U.S. manufacturing technology orders climbed 6.5 percent in June over May, according to the latest U.S. Manufacturing Technology Orders (USMTO) report from The Association For Manufacturing Technology (AMT). The report also indicates a more than 10 percent year-over-year increase — the fifth consecutive month posting a year-over-year gain.
“If the USMTO numbers aren’t convincing enough that a recovery is underway, certainly the buzz among our members underscores that a recovery is indeed underway,” said AMT President Doug Woods in a press release. “Members have shared that the aerospace supply chain in the Midwest is hot; auto orders doubled between May and June; and sales in the Southeast exploded. Over the next six months, they look forward to a broadening of the recovery into areas like agricultural, construction, power generation and off-road machinery industries.”
Additionally, manufacturing expanded in July as the PMI registered 56.3 percent, a decrease of 1.5 percentage points from the June reading of 57.8 percent. This indicates growth in manufacturing for the 11th consecutive month and is the fourth highest reading in the last 12 months. A reading above 50 percent indicates that the manufacturing economy is generally expanding; below 50 percent indicates that it is generally contracting.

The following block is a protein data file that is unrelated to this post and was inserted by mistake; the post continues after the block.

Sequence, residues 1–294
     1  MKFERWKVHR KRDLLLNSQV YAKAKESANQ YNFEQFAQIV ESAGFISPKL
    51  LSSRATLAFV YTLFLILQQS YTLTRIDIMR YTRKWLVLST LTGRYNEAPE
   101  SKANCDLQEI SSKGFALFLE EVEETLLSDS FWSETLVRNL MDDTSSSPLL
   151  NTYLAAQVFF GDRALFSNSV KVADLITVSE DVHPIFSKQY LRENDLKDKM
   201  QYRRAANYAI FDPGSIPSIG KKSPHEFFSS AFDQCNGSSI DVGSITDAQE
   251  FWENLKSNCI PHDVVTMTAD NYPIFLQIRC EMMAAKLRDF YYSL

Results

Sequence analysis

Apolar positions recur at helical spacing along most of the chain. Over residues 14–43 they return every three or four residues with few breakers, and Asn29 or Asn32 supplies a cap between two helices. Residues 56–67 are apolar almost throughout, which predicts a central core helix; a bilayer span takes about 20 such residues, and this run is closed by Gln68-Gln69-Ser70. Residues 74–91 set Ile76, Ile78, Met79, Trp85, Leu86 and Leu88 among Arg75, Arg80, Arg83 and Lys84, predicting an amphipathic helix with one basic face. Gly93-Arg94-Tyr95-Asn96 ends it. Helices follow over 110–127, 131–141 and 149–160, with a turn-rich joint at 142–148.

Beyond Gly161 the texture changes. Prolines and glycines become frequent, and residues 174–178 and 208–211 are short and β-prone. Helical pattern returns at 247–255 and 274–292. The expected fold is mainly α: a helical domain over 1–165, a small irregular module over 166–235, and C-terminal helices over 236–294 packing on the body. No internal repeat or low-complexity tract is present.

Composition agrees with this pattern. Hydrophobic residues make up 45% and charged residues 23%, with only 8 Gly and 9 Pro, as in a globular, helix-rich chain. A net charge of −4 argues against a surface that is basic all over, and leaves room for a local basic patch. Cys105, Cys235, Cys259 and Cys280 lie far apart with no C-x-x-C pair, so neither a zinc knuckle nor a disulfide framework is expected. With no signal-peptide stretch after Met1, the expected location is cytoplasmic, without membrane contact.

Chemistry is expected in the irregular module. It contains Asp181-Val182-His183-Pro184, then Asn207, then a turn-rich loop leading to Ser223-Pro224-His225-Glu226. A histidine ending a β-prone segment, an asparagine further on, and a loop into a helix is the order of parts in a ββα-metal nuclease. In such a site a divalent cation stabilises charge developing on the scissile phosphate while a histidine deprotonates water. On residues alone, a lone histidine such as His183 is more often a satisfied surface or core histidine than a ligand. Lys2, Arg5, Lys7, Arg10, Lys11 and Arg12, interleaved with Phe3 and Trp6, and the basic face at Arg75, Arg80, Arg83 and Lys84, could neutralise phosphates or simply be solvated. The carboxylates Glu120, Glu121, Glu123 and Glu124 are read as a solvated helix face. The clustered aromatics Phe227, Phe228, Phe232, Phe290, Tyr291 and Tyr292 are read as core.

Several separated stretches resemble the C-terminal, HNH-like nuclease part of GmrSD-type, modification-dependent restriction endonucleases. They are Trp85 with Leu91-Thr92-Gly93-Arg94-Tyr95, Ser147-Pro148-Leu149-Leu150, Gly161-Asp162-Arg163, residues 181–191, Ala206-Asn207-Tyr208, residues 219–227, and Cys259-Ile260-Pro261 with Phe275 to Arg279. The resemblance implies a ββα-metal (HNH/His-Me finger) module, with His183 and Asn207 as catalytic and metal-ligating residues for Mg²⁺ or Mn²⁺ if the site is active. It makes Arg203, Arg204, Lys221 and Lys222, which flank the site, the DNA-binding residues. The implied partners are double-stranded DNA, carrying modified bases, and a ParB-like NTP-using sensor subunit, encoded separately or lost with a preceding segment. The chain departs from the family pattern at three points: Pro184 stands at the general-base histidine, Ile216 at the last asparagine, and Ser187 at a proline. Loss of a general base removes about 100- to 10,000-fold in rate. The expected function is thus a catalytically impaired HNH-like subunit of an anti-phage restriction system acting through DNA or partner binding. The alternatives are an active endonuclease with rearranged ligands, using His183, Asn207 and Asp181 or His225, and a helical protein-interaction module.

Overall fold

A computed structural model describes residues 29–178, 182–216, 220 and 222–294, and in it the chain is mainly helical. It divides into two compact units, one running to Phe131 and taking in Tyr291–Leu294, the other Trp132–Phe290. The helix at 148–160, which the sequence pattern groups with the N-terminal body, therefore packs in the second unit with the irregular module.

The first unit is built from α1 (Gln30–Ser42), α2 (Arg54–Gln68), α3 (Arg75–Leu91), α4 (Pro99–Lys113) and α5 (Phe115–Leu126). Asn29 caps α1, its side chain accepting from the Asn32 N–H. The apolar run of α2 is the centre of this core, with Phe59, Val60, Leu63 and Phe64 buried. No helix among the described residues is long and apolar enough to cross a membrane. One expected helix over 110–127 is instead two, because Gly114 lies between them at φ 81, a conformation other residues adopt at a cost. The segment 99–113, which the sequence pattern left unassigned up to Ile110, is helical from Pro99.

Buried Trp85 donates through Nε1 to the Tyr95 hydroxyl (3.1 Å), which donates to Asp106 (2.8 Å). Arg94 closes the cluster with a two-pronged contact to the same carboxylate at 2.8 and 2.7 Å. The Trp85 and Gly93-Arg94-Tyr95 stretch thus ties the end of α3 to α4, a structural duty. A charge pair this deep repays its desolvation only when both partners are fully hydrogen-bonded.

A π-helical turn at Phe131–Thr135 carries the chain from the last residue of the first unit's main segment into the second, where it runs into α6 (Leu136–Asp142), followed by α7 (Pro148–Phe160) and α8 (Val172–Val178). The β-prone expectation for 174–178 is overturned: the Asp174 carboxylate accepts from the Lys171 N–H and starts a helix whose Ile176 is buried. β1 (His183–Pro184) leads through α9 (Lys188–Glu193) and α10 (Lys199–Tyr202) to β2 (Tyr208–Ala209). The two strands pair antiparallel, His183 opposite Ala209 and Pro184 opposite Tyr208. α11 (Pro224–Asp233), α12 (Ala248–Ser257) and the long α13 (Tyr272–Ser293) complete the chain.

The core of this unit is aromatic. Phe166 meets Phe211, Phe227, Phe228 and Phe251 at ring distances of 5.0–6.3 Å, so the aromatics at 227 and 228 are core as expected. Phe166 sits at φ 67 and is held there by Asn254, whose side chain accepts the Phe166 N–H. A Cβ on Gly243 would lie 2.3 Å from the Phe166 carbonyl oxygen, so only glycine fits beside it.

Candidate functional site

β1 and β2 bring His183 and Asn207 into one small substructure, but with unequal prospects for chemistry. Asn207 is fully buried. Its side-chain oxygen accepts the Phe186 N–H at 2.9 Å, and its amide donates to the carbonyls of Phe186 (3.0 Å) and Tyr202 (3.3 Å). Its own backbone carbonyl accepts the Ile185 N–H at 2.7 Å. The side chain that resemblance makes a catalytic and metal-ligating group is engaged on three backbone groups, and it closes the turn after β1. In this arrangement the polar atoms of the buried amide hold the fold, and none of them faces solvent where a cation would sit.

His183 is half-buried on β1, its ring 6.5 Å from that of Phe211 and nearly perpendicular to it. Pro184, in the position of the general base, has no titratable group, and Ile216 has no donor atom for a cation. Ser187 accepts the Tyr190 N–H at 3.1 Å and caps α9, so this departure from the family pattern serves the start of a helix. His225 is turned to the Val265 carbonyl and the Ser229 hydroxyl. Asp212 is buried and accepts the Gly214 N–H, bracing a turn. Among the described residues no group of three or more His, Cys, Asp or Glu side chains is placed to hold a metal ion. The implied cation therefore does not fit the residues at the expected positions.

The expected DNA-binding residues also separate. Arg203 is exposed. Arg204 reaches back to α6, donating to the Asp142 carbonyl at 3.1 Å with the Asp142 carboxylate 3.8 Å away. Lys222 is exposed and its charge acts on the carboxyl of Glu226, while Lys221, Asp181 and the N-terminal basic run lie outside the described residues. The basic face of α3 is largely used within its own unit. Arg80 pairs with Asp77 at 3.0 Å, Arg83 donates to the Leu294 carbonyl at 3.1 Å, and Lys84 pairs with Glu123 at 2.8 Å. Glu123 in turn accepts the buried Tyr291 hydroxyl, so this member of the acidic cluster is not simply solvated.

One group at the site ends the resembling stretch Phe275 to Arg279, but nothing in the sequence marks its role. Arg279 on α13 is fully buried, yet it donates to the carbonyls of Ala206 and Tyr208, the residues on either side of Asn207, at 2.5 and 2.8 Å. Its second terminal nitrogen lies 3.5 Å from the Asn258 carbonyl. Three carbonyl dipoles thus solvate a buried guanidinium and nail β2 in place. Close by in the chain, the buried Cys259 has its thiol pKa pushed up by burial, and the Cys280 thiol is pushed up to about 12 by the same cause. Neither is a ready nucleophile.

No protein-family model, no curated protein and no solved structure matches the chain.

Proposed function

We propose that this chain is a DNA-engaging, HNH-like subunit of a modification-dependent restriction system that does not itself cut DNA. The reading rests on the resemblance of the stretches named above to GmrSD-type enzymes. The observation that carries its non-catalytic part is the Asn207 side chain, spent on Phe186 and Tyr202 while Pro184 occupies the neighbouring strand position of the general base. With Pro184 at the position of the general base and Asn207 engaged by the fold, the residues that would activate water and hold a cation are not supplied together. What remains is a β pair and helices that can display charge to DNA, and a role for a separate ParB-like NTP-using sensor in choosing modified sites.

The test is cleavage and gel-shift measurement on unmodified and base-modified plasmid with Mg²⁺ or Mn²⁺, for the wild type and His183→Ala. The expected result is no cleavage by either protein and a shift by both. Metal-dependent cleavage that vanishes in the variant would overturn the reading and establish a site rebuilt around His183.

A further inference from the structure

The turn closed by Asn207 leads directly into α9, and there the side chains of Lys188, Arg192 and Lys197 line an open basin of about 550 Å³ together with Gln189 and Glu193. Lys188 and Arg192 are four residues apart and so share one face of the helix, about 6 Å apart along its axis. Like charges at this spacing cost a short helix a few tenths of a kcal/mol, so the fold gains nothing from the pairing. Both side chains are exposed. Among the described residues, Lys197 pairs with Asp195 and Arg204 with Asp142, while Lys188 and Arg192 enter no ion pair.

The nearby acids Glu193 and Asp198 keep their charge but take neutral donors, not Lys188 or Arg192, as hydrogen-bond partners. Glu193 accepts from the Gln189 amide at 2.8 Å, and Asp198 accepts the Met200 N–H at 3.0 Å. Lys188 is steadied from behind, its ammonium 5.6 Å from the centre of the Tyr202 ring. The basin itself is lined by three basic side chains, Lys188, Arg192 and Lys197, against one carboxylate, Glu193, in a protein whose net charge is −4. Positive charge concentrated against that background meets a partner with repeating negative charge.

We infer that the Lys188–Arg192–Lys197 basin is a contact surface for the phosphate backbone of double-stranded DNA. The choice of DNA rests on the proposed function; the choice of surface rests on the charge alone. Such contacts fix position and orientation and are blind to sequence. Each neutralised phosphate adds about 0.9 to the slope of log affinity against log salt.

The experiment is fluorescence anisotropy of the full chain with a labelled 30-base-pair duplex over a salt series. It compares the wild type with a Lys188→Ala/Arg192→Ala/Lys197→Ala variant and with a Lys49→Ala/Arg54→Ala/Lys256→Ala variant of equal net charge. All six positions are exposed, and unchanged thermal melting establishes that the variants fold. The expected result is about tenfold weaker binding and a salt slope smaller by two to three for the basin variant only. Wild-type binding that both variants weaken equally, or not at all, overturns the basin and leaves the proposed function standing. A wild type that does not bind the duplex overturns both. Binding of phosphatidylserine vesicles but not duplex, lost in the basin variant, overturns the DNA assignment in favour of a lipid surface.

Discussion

Timothy R. Fiore, CPSM, C.P.M., Chair of the Institute for Supply Management (ISM) Manufacturing Business Survey Committee states, "The past relationship between the PMI and the overall economy indicates that the average PMI for January through July (56.4 percent) corresponds to a 4.1 percent increase in real gross domestic product (GDP) on an annualized basis. In addition, if the PMI for July (56.3 percent) is annualized, it corresponds to a 4.1 percent increase in real GDP annually.”
AMT has recently replaced one of its key indicators with the Gardner Business Index (GBI) which tracks well with USMTO and turned upwards markedly in December 2016, about 90 days before the recognizable upturn in USMTO.
“As we expected, machine tool orders have performed well in recent months. The backlog index from the GBI: Metalworking bottomed out in January 2016. The backlog index tends to lead machine tool consumption by 14 to 20 months. Since the backlog is still growing at an accelerating rate, we expect solid growth in machine tool orders through at least the end of 2017,” commented Steve Kline, Director of Market Intelligence, Gardner Business Media and creator of the GBI.
USMTO is a reliable leading economic indicator as manufacturing companies invest in capital metalworking equipment to increase capacity and improve productivity.